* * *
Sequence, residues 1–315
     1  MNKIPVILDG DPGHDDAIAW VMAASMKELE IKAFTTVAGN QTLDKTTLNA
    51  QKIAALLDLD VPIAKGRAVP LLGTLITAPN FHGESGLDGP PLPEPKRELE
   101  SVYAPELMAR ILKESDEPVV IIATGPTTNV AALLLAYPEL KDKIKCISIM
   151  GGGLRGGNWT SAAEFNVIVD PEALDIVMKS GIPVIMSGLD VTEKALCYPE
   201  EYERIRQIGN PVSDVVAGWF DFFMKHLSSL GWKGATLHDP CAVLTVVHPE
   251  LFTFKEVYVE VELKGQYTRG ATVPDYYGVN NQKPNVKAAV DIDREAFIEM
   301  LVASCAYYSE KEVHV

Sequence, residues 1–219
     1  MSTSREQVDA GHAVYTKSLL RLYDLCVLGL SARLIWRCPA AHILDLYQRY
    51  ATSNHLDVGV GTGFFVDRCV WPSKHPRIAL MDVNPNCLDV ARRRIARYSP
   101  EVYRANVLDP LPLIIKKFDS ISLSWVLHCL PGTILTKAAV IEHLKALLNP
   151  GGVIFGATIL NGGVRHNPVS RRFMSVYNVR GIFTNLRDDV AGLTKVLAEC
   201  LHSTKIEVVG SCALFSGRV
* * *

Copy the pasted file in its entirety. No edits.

Sequence, residues 1–315
     1  MNKIPVILDG DPGHDDAIAW VMAASMKELE IKAFTTVAGN QTLDKTTLNA
    51  QKIAALLDLD VPIAKGRAVP LLGTLITAPN FHGESGLDGP PLPEPKRELE
   101  SVYAPELMAR ILKESDEPVV IIATGPTTNV AALLLAYPEL KDKIKCISIM
   151  GGGLRGGNWT SAAEFNVIVD PEALDIVMKS GIPVIMSGLD VTEKALCYPE
   201  EYERIRQIGN PVSDVVAGWF DFFMKHLSSL GWKGATLHDP CAVLTVVHPE
   251  LFTFKEVYVE VELKGQYTRG ATVPDYYGVN NQKPNVKAAV DIDREAFIEM
   301  LVASCAYYSE KEVHV

Sequence, residues 1–219
     1  MSTSREQVDA GHAVYTKSLL RLYDLCVLGL SARLIWRCPA AHILDLYQRY
    51  ATSNHLDVGV GTGFFVDRCV WPSKHPRIAL MDVNPNCLDV ARRRIARYSP
   101  EVYRANVLDP LPLIIKKFDS ISLSWVLHCL PGTILTKAAV IEHLKALLNP
   151  GGVIFGATIL NGGVRHNPVS RRFMSVYNVR GIFTNLRDDV AGLTKVLAEC
   201  LHSTKIEVVG SCALFSGRV